Several years after its founding the Daily Monitor was consolidated with two other papers, those being the Independent Democrat and the New Hampshire Statesman. Cogswell (as a member of the Republican Press Association, the guiding light behind the consolidation) maintained a large presence in the Monitor's continued production, being at various times managing editor and editor in chief.
   Parsons B. Cogswell first entered the political life of Concord in 1858, when he won a seat on the Union school district's school committee. In the following year, he began a lengthy tenure on the Concord city board of education, continuing to serve until his death in 1895. Cogswell also held the presidency of that board for several years and for nearly two decades was its financial agent.


From a bookplate in the collection of the Concord Public Library.

   In 1871 Parsons Cogswell was elected as one of Merrimack County's representatives to the New Hampshire General Court, and in 1872 won a second term. His terms in the legislature saw him sit on the committees on the Asylum For the Insane and Bills in the Second Reading. During these terms, Cogswell also served as president of the New Hampshire Press Association (1872-75) and in 1876 was its recording secretary. 
   1877 saw Cogswell embark on an extended journey through California, Oregon, and several other states, whilst later visiting Canada. He would continue his travels into 1878 and 1879, venturing across the Atlantic Ocean to traverse "Europe, the Holy Land and Egypt". During his travels overseas Cogswell documented his journey through letters published in the Daily Monitor and the Independent Statesman. Due to a growing interest from those paper's subscribers, Cogswell's travelogues were later published in book form following his return stateside in 1880, under the title Glints From Over the Water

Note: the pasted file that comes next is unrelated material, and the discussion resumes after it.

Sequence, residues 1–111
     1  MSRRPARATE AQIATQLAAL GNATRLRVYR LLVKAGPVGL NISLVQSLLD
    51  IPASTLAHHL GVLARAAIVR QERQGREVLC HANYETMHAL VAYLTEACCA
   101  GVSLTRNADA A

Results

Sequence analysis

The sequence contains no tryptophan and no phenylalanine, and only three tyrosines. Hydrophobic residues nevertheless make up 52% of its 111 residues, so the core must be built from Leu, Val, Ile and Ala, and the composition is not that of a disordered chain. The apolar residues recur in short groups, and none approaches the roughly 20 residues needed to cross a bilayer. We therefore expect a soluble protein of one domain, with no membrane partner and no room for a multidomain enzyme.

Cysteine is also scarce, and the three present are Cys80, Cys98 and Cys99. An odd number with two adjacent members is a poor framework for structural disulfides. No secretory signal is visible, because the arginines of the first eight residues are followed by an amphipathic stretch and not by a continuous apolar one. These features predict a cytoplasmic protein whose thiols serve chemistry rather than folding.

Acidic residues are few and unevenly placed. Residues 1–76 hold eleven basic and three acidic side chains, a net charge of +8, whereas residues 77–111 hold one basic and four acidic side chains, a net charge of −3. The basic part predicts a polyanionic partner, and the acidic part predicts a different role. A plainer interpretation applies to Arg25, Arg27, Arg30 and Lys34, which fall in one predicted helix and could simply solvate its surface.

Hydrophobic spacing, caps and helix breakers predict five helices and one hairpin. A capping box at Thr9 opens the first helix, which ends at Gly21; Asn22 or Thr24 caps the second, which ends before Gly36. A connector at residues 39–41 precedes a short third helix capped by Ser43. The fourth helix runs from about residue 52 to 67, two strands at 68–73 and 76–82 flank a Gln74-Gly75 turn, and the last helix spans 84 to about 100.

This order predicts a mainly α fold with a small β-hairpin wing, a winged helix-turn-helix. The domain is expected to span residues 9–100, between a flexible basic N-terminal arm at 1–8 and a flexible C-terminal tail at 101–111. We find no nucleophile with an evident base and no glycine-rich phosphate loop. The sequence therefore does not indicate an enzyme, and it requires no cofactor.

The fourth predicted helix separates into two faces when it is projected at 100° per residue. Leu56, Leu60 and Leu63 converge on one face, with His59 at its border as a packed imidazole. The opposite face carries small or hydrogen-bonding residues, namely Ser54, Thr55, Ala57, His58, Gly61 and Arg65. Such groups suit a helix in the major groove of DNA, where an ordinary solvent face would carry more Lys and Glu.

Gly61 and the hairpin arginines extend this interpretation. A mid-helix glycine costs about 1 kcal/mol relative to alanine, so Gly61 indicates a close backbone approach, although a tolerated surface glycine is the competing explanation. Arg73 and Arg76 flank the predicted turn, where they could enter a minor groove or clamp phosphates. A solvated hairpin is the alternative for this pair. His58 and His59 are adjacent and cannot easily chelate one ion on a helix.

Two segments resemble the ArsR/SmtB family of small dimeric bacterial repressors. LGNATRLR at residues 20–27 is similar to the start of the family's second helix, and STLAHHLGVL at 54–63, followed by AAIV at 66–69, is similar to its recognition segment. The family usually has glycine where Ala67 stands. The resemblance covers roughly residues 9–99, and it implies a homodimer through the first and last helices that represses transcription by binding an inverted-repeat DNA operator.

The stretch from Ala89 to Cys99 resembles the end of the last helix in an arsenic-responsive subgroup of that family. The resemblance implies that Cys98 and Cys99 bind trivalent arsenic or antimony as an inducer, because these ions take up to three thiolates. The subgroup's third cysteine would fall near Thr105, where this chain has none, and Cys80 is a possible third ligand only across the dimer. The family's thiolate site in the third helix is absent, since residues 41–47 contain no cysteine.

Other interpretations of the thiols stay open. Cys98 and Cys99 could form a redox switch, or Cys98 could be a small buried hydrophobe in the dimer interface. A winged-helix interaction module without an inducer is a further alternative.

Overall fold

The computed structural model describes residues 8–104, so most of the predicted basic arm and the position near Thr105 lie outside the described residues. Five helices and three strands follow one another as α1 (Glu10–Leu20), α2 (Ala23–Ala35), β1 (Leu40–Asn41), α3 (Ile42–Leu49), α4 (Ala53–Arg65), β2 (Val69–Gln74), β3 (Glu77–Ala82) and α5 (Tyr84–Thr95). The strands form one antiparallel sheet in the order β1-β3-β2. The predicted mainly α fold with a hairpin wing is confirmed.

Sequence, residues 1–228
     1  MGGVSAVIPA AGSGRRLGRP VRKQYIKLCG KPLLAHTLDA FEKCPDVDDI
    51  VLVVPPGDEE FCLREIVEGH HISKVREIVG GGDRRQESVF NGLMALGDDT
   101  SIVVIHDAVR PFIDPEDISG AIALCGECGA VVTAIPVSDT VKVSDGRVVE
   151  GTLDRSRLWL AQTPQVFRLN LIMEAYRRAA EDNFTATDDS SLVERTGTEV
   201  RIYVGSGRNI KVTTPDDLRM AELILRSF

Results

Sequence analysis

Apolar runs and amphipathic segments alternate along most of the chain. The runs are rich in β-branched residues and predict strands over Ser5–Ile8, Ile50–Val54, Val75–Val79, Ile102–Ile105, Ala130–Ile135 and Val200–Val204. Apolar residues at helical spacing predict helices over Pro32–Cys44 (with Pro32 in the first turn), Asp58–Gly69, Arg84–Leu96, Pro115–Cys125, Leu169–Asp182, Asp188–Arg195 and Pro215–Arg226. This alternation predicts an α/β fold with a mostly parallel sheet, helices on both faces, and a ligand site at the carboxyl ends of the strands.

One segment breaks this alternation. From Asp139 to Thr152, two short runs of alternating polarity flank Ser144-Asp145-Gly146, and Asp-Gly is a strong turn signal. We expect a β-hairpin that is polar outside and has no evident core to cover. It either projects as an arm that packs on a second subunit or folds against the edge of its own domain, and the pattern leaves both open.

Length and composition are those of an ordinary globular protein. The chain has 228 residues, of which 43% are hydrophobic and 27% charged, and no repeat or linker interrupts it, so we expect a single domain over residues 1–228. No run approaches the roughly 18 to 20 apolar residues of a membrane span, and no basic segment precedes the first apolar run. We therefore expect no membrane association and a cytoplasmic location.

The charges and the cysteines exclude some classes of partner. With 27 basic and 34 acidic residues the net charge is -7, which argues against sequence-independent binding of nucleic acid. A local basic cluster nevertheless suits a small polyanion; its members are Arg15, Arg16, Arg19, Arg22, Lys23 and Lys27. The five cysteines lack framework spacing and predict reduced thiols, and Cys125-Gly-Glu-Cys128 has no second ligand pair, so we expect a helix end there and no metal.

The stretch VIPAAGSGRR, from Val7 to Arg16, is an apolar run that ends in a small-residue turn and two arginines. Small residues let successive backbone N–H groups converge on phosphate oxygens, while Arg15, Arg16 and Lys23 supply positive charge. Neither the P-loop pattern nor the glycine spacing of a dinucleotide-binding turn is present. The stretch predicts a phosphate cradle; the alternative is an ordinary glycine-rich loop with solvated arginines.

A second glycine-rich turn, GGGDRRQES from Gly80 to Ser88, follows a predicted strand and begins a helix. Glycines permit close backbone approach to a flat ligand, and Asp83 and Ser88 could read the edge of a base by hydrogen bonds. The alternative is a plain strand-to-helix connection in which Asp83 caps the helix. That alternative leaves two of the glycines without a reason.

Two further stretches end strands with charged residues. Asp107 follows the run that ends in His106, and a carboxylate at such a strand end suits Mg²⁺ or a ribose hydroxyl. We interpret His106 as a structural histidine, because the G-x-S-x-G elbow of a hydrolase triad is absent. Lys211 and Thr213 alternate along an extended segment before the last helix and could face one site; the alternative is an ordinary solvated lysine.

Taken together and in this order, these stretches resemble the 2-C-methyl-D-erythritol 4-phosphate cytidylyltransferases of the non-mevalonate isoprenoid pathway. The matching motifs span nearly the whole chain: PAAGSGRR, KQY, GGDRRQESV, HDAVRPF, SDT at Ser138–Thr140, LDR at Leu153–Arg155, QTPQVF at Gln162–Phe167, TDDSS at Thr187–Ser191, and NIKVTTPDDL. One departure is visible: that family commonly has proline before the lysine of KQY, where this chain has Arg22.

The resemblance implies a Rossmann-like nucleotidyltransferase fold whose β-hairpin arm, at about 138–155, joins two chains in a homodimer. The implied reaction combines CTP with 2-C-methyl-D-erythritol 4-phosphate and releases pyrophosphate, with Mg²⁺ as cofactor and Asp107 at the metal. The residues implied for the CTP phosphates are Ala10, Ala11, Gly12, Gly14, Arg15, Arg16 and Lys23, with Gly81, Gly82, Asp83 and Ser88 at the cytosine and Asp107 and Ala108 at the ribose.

Cogswell returned to Granite State political life in June 1881 when he entered into the post of New Hampshire State Printer, an office he'd continue to hold until 1885. During his term, Cogswell oversaw the publishing of numerous works relating to early New Hampshire history, including documents related to the state constitutional conventions of 1778-79 and 1781-83, rolls of New Hampshire soldiers during the Revolutionary War, and census statistics for the state.